NASA's OSIRIS-REx mission marks Canada's first participation in an asteroid sample return. The OSIRIS-REx spacecraft travelled back to Earth from asteroid Bennu, where its Canadian lidar instrument created a 3D map to help scientists select a sample site. On , it released the capsule containing the asteroid sample, which parachuted down to Earth. Canada will receive a portion of the material.
Taking a closer look at carbon-rich Bennu may help answer questions about how our solar system formed and how life on Earth began.
- Sample collection:
- Arrival of sample on Earth:
- Arrival of sample in Canada:
- No earlier than
The OSIRIS-REx mission was designed to:
- map asteroid Bennu
- document the sample site
- measure the asteroid's orbit and factors which influence it
- compare observations at the asteroid to those made from Earth
- return a sample of Bennu's surface to Earth for analysis
Canada has contributed technical and scientific expertise to the OSIRIS-REx mission. The Canadian Space Agency (CSA) provided OLA (OSIRIS-REx Laser Altimeter), a lidar system able to scan the asteroid from up to 7 km away, and supports:
- scientists and engineers on OLA's development and operations team
- scientists from Canadian institutions who are part of the broader OSIRIS-REx science team
How the mission worked
The seven-year mission consisted of several phases:
- launch, gravity assist with Earth, outbound cruise to Bennu
Following its launch in , the OSIRIS-REx spacecraft orbited the Sun for one year, then used Earth's gravity to change its orbit and help put it on course to asteroid Bennu.
The spacecraft began the asteroid approach phase in . The spacecraft then fired its rocket thrusters to adjust its speed and trajectory for a rendezvous with asteroid Bennu in December 2018.
- asteroid mapping
OLA spent approximately one year mapping Bennu's surface. Mission scientists then used that information to choose a location for the spacecraft to sample. Nightingale, near Bennu's north pole, was selected as the sample site.
- sample acquisition
OSIRIS-REx lowered itself down towards the surface, extended its robotic arm, and released a burst of nitrogen gas to stir up dust and gravel. The sampling module successfully collected more than 60 grams of surface material.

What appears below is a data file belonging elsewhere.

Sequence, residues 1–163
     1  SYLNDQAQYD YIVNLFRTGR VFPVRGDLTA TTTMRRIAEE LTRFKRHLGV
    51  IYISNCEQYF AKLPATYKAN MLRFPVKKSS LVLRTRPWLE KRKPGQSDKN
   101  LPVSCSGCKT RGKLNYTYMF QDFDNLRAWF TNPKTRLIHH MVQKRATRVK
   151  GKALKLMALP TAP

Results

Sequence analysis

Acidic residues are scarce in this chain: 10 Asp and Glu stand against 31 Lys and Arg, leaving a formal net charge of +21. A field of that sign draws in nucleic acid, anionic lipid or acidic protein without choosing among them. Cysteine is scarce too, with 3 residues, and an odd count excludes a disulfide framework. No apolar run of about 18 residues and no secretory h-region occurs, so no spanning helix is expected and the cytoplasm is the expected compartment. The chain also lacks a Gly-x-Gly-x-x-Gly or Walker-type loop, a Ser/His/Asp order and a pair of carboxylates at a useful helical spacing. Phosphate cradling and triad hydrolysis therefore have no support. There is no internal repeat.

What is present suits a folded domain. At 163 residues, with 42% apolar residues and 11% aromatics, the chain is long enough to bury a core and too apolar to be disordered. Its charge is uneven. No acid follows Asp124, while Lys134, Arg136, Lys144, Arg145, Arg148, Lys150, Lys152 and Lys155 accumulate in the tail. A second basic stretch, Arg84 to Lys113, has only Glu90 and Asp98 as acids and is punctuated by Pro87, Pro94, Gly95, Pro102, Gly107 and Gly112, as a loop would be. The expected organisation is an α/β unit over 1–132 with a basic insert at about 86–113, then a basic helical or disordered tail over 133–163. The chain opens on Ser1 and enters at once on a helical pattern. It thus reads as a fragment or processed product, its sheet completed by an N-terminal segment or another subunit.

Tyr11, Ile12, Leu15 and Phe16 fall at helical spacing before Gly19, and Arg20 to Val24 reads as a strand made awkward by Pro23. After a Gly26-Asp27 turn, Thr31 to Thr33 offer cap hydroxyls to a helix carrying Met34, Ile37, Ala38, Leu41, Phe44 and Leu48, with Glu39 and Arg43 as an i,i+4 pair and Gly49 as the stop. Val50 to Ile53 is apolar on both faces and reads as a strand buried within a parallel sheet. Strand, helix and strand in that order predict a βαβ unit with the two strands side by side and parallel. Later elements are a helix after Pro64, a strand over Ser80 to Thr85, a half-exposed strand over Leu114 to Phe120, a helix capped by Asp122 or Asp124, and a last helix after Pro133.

- return cruise and re-entry
OSIRIS-REx made its way back toward Earth. Its sample return capsule separated from the spacecraft and touched down in the Utah desert on .
- sample curation
The sample was sent to NASA's Johnson Space Center in Houston, where it will be curated and distributed to scientists and international collaborators. The Canadian portion of the sample is set to arrive at the John H. Chapman Space Centre (CSA headquarters) no earlier than .
About the spacecraft
The OSIRIS-REx spacecraft was assembled by Lockheed Martin Space Systems. It is about the size of an SUV and includes five science instruments that scanned the asteroid in visible, infrared, and X-ray wavelengths.
When its solar panels are deployed, OSIRIS-REx can generate up to 3,000 watts of power. Although OLA contains approximately 4,000 mechanical parts and 3,000 electrical parts, the sophisticated instrument uses only 75W – similar to a lightbulb!
OSIRIS-REx's sample return capsule was equipped with a heat shield and parachutes to keep the asteroid sample intact as it entered Earth's atmosphere and to ensure a soft landing.
|Length||6.2 m with solar panels deployed|
|Width||2.4 m × 2.4 m|
|Length of sampling arm||3.4 m|
|Dry mass (unfuelled)||880 kg|
|Wet mass (fuelled)||2,110 kg|
- University of Arizona, including Principal Investigator Dr. Dante S. Lauretta
- Lockheed Martin Space Systems
- France's France's Centre national d'études spatiales (CNES)
- Japan Aerospace Exploration Agency
- Date modified: